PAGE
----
Not sure what I can say to convince you that Scott didn't already cover, but I'll try. I've been a fan of the Beasts of Burden series since Dorkin and Thompson first featured them in a series of horror anthologies Dark Horse published ages ago. The idea of a set of dogs and a plucky cat trying to stop occult forces is such a great take on the talking animals trope. Now Ben Dewey jumps into the fray, and I've been in Ben's corner since I first read a Tragedy entry. He's been doing amazing work with Kurt Busiek on Autumnlands, and now he takes those skills of making animals have emotions to this series, ably coming in and picking up where Jill left off, no mean feat when you're walking in the steps of an Eisner winner. Don't let the basically-no-humans style of the series stop you from some of the best horror comics you'll read, and given Dark Horse's history, that's saying something.

Fang Vol 1 by Daniel Semanas, published by Fantagraphics
If there's one thing you can count on with Fantagraphics, it's finding weird and cool things to publish. This is no exception. I don't know this creator, but I know that a book that features what appears to be vampire hitwoman who thinks about dating a werewolf, but needs to smoke up to consider the idea is right up my alley. The art has a cool, Warren pub-look combined with a bit of a Muppet vibe. And check out that pulp paperback cover! I'm looking forward to checking this one out.

Lil Donnie Vol 1 Executive Privilege by Mike Norton, published by Image
Like many, Mike Norton was angry as it became clear that Donald Trump's presidency would harm the most vulnerable among us. Unlike many, Mike's an amazing cartoonist. So he started doing a regular strip, newspaper-style, taking on the absurdity and cruelty of Trump with a "pen warmed up in Hell" as Mark Twain used to say. You may have seen some of these on Twitter--now go read them all in a group and watch a master creator run rings around hatred. It's a total "Mike" drop. (See what you made me do, Sean??)

Yellow Submarine by Bill Morrison, published by Titan Comics
Come on, you know the words!
Okay, now that you're back, let me tell you that this is single-handed one of my most-anticipated comics of the year. Yellow Submarine is one of the best movies of all time, with songs by one of the best bands of all time, and now it's illustrated by one of the best animation-style creators of all-time, long-time Bongo brain turned Mad Magazine editor, Bill Morrison, working on a passion project. I can't wait to see this one in person, with Morrison's ability to pack so much into a panel, Sergio-style, and a movie to base it on where Easter-eggs lurk on every screen-still.
Coming Soon: A full review by Scott and an interview with Bill Morrison I conducted at SDCC!

Mike's Picks:

Wasted Space 4 by Michael Moreci, Hayden Sherman, Jason Wordie, and Jim Campbell, published by Vault Comics
Many of us rejoiced at the weekend news that Wasted Space had officially morphed into a 20-some issue ongoing. Why? Because Wasted Space is one of those fairly unpredictable genre send ups that subverts and parodies the space opera as much as it celebrates and extends it. It’s an original feel on a classic concept. It’s funny, but more important, it’s fun. Original characterization, topical satiric humor, and beautiful art from Sherman and Wordie carry this strong series.

Die!Die!Die! 2 by Robert Kirkman, Scott Gimple, Chris Burnham, and Nathan Fairbairn, published by Image Comics
I was intrigued by the first issue of this series and not merely because of the surprise release. I like speculative fiction like this that takes current events and extends them to their absurdly logical conclusion. It remains to be seen if Die!Die!Die! will emerge as a thinking book or if it will slide towards a brawler. If it stay geared toward the former, I think this series could be very promising and engaging.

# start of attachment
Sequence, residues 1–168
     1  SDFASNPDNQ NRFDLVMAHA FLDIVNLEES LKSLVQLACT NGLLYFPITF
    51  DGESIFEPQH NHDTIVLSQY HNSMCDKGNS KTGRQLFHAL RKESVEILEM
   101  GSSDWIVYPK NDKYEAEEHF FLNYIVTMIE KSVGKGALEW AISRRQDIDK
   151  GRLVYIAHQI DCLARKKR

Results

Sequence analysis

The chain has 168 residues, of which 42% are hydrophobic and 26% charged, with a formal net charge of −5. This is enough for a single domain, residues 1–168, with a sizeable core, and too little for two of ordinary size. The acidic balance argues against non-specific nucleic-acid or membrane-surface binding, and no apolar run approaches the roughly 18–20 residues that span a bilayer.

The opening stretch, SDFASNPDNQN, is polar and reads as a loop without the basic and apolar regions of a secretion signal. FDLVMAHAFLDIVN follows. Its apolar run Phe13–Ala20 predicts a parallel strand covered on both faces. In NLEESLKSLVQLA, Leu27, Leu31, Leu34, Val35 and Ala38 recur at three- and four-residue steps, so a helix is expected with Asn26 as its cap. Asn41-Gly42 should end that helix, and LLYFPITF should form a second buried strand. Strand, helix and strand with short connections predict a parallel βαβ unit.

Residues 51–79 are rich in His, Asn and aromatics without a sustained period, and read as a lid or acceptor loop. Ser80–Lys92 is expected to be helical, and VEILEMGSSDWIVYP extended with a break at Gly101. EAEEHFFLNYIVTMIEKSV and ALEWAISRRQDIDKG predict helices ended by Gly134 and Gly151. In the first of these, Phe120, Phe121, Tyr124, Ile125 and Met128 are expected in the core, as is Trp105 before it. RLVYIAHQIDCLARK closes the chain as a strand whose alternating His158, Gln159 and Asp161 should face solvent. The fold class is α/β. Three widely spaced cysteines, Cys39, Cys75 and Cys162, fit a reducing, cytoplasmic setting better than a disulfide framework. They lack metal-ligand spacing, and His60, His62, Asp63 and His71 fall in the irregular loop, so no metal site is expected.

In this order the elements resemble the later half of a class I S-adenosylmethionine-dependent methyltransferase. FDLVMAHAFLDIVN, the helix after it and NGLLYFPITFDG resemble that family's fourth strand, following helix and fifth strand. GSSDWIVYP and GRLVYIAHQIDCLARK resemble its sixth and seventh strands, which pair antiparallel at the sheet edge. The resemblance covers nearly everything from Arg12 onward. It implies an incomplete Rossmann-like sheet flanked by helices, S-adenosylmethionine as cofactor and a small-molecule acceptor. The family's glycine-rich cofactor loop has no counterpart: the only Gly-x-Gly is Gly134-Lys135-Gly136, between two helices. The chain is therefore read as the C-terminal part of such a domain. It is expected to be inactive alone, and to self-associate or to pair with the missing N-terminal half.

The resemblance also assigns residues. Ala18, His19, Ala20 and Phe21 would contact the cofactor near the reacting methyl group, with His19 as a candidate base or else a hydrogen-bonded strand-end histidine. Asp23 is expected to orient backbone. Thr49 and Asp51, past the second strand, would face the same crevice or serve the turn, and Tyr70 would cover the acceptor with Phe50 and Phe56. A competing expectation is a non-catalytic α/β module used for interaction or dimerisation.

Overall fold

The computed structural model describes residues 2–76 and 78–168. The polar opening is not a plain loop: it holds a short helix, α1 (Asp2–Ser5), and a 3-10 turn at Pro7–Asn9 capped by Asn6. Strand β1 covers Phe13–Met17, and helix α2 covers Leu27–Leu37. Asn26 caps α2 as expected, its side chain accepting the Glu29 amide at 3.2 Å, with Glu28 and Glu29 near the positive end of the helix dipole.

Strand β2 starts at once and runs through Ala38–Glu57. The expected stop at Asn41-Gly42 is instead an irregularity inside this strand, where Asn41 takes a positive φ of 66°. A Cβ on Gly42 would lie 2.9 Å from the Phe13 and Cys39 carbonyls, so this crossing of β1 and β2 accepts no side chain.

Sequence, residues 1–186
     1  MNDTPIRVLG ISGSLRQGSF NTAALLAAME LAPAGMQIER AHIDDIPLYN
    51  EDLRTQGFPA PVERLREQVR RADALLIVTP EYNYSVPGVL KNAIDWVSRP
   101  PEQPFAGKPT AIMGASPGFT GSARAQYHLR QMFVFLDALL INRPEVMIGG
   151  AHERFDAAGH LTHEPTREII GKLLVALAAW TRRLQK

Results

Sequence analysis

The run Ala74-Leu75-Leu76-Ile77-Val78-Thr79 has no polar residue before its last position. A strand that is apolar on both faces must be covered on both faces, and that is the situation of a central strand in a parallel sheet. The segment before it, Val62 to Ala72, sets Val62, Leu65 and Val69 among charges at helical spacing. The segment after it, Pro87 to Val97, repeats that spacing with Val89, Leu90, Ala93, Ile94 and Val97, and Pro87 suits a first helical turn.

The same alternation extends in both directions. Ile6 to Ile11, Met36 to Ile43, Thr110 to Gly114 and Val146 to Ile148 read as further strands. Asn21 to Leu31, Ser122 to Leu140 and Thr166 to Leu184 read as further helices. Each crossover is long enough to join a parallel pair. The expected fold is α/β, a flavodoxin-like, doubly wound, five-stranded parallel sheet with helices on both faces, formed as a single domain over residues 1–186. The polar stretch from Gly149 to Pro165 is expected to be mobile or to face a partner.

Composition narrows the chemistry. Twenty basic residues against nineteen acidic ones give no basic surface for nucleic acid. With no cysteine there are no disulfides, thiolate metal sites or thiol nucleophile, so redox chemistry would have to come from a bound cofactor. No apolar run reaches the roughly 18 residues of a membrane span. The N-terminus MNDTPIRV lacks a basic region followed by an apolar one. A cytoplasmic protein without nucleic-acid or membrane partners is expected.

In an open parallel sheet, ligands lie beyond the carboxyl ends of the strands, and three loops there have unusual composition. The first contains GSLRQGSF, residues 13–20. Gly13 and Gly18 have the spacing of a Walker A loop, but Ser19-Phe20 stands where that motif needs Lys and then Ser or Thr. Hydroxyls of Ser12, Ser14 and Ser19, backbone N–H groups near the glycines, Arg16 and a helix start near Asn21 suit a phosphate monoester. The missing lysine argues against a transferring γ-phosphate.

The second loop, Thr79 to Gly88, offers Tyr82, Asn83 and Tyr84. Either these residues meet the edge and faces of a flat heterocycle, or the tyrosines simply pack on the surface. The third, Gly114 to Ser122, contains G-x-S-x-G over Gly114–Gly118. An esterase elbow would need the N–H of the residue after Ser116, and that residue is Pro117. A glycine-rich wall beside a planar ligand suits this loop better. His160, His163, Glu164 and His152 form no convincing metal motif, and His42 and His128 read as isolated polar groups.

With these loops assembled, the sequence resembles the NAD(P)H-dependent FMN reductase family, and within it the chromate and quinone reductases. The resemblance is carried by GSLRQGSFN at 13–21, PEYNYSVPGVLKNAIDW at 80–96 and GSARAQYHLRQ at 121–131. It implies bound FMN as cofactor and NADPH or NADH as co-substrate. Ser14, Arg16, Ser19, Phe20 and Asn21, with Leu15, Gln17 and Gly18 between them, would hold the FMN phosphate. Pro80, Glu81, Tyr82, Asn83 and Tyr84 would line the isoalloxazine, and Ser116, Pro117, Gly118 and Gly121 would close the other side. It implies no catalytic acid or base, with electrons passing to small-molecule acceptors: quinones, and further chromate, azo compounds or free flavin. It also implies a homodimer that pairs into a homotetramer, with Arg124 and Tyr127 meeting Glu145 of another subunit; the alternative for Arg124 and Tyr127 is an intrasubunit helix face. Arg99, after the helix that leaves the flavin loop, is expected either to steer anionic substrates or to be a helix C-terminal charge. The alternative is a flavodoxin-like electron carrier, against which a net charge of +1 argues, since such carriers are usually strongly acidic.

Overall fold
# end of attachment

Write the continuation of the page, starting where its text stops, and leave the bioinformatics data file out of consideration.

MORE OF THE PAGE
The Fox TPB 2: Fox Hunt by Dean Haspiel and Mark Waid, published by Archie Comics/Dark Circle
I’m not sure what took this collected edition such a long time to hit the racks, but now that it has, I couldn't recommend it more. Haspiel’s Fox work is beautifully simplistic, and he pairs incredibly well with Mark Waid, who scripts the first four issues of this miniseries. Haspiel taps the same energy that he brought to his webcomic, The Red Hook. His work with The Fox is urban by not gritty, and it recalls a sweet spot of zaniness directly in-between Spider-Man and Madman.

Lil’ Donnie: Executive Privelege by Mike Norton, published by Image Comics
It’s no secret that I’m a huge fan of Mike Norton, and that I’ve been especially fond of his brilliant work satirizing the president in Lil’ Donnie. Norton’s work here is reminiscent of peak Doonesbury, but filtered through the gag strip style. It’s hard to one-up the absurdity on the news today. The men and women Norton lampoons have already turned themselves into real life caricatures, but Norton finds a way to turn the parody up and manages to effectively capture the familiar voices of Trump, McConnell, and Bannon all while smashing the concept into purely sublime ridiculousness.

Kirk's Picks:
(Not brought to you by Image, Kirk swears...)

Cold Spots #1 by Cullen Bunn, Mark Torres, and Company, published by Image Comics
I don’t want to speak too much to this because I’m in the middle of a full review of the first issue, but I really am more excited about Bunn’s work outside of the Big Two these days. The gist is that a small town’s residents are beginning to see, and blindly accept, apparitions of their deceased love ones. Cullen has several original takes on the horror genre out by multiple publishers at the moment (including Bone Parish that was released last week which I highly recommend. Grab it if there’s a copy left this week!) I’m convinced that Cullen’s super power is writing perfect first issues.

Shanghai Red #3 by Christopher Sebela, Joshua Hixson and Hassan Otsmane Elhaou, published by Image Comics
The Panel Patter posse was unanimous in our love for Sebela’s newest outing last week with the release of Crowded. And with all the hype surrounding that title, I don’t want Chris’ other work to get lost in the shuffle. I’m in love with his pirate tale of revenge in Shanghai Red that I had another reader describe to me as "a Nick Cave song come to life" and boy I wish I had thought of that description. As the story turns from the ship to the ancient Portland corruption on land, our story starts to enter the Tom Waits-like rhythm of uncertainty.

Royal City #14 by Jeff Lemire, published by Image Comics
I air my sadness over the fact that my favorite series from the wildly prolific Lemire comes to an end this Wednesday. Lemire’s generational crossing ghost story was unexpectedly somber and brazenly explored regret as it’s characters reflect on their life decisions to what led them to their present circumstance. All the while, manipulating every possible emotion simultaneously as our character’s hindsight is muddied by the ghost mystery that shows the possibilities of what could have been. When I put down the first issue of this series, all I could think was ‘How the hell is he going to pull this off?’ This series has been so good, that I’m not immediately ready to finally answer that question.